June 8. Hamilton will be closed to cruise ships next year. The dramatic change will see all vessels routed to Dockyard for the 2008 season, the consequence of an industry trend towards watercraft too large for the city to support. A Government spokesperson yesterday declared the change was unavoidable: “As a result of internal scheduling and corporate decisions made by certain cruise lines serving Bermuda, Hamilton will not have a regularly calling ship for 2008. “However, this is an unintended consequence of the very real situation that the Ministry of Tourism & Transport has been emphasizing for some time. The smaller, niche ships are becoming fewer and fewer. And as the number of small ships is decreasing the level of competition is increasing — in the end it’s very difficult to attract smaller, niche cruise ships.” The announcement was met with skepticism in some circles. Both the Corporation of Hamilton and the Chamber of Commerce insisted that smaller liners could be found to fill the void. “The Corporation is of the opinion that we wish to have a cruise ship and, even if they’re not building ships the size of the ones that are on Front Street right now, there are smaller niche ships where people have a fair amount of disposable income that we would like to see enter Hamilton,” said Hamilton mayor Sutherland Madeiros. “It’s important to us. We have to disagree with Government on this point. The fact is that there aren’t any ships of the size that now come into Hamilton being built in the foreseeable future but we can look for something else. Government doesn’t think we need any cruise ships and we believe we do.” He added that the move could cause big changes to the popular Harbour Nights, held throughout the cruise season each Wednesday. “It could mean the end of Harbour Nights. It all depends on the scheduling of the cruise ships at Dockyard. At the moment a lot of the cruise ships coming in are day ships. People aren’t coming into Hamilton to shop because they want to see the island. But next year, as I understand it, there will be ships staying overnight. If necessary we will change Harbour Nights to accommodate that. Hopefully, people will be ferried into Hamilton. In which case we will have to (construct) a transportation hub to accommodate those ferries. It could be a real problem for Harbour Nights and for retailers. At the moment, you get off the ship in Hamilton and you walk across the street. You get back on when you feel like it. “If you want to use the bathroom, the ship is right there. A lot of cruise passengers tend to be older people. I’ve seen a number of wheelchairs. With (the new plan) they would have to get off the ship, on a ferry, off the ferry, back on the ferry, back on the ship. It’s not easy. It’s not convenient. I suspect passengers would like to get off in Hamilton.” Chamber of Commerce president Philip Barnett said his organisation had yet to receive official notification on plans for the 2008 season but his members were well aware that the Panamax ships now in vogue are unable to fit into Hamilton and St. George. “Not having any cruise ship in Hamilton would be a concern for the retailers and they’ve stated that fact,” he said yesterday. “It is a concern that the threat is there and for some retailers, the loss could be catastrophic.” He agreed with Mr. Madeiros that smaller vessels — especially those with a wealthy clientele — are a viable option for Hamilton. “Silversea Cruises is one. I certainly hope it’s a target company for the Government. The Chamber has always thought that niche ships that appeal to more affluent travelers are much more fitting with the overall image of Bermuda,” he said, adding that such tourists typically supported retailers through purchases of china, crystal and leather goods. According to the head of the Chamber’s Retail Division Kristi Grayston, merchants are “somewhat divided” in opinion on the financial implications of the move. “Government has made no bones about the fact that Dockyard will be the cruise ship destination for Bermuda,” she said. “I do believe that the retail community is somewhat divided. “The financial impact will be bigger for stores on Front Street, but even now cruise ships dock in Dockyard and people get on the fast ferry and travel to Hamilton. “I think it will be great for Dockyard, which has its challenges at the moment. It could create a vibrant community there with the shops and the restaurants.”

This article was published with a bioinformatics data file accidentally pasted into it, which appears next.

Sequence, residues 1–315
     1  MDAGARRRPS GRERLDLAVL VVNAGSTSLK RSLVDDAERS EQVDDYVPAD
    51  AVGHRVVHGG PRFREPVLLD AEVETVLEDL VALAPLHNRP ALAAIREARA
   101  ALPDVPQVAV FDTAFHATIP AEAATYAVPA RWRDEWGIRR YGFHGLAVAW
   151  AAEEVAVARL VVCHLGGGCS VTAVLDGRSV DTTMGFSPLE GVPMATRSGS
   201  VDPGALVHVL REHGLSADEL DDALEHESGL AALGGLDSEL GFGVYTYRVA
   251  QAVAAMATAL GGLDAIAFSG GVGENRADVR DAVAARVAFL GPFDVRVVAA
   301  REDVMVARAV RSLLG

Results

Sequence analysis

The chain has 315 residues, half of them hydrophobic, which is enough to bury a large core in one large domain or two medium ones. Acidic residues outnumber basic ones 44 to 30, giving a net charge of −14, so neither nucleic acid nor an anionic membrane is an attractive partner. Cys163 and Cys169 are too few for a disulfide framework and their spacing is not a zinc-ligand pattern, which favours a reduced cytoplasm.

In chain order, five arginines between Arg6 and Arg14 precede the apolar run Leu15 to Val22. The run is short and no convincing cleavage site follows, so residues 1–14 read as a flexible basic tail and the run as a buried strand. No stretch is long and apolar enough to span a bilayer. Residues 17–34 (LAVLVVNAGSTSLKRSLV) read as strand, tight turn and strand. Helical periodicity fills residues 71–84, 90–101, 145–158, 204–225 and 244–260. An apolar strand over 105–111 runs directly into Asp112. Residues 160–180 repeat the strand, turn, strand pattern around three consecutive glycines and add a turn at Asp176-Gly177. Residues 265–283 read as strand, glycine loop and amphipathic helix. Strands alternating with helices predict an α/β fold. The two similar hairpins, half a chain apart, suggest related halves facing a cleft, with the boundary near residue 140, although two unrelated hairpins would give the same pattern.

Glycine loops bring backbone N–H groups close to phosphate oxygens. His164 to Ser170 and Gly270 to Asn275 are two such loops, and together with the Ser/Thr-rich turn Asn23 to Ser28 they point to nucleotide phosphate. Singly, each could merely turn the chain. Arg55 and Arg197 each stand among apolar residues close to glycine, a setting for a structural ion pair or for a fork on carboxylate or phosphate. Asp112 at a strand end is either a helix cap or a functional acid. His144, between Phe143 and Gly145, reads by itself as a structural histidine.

June 9.  Zoom Airlines inaugural flight from London to Bermuda arrived at the L. F. Wade International Airport 11 minutes late yesterday. The airline carrying 149 passengers was scheduled to arrive at 4.15 p.m. but did not land until 4.26 p.m. because of a late passenger. The owners of Zoom Airlines, brothers Hugh and John Boyle and passengers were met by Junior Tourism Minister, Senator Wayne Caines; Airport general manager Aaron Adderley; Director of Civil Aviation, Ian MacIntyre; and designate Director of Civil Aviation Thomas Dunstan. Premier Ewart Brown was unable to attend because the House of Assembly was sitting. The plane was met with a double spray of water from the airport fire truck hoses about ten minutes after landing. In a statement earlier yesterday in the House of Assembly, Dr. Brown expressed his enthusiasm about the new flight. "For the first time in 40 years, travelers with have a choice in carrier when they fly direct between Bermuda and London. As Minister of Tourism and Transport, it has been my long standing commitment to the public that increased competition on air traffic routes will lead to lower fares. This has proven true with New York routes, with the Boston route, and now will also be the case for the critical link between our country and Europe." Dr. Brown went on to explain that the tourism numbers will rise as a result of this new flight. He also said that since European visitors tended to stay longer than North Americans, hotels would benefit also. Mr. Adderley also expressed his excitement about the new venture. He said more available seats meant more visitors and more business for Bermuda. Sen. Caines said this new flight was opening up the European market. Hugh and John Boyle said they were absolutely delighted to be in Bermuda. "Today is important for Bermuda's aviation history," John said. Zoom Airlines Ltd. is a UK-based sister company to Zoom Airlines Inc., the existing Canadian low-fares full-service airline which launched operations in 2002. Zoom flies Boeing 767-300ER aircraft, with space for 270 passengers, on transatlantic services and has two on-board travel classes, premium economy and economy. The current schedule has Zoom flights departing Bermuda on Tuesday evenings at 7.30 p.m. and arriving into London Gatwick at 6 a.m. on Wednesday while the Saturday evening flight from Bermuda will leave at 9.30 p.m. and arrive in London at 7.55 a.m. Sunday. Flights to Bermuda will depart London at 1 p.m. on Wednesdays and arrive in Bermuda at 4.15 p.m. while the Sunday flight leaves at 11 a.m. and arrives in Bermuda at 2.15 p.m. Tickets can be bought for as low as $149 each way.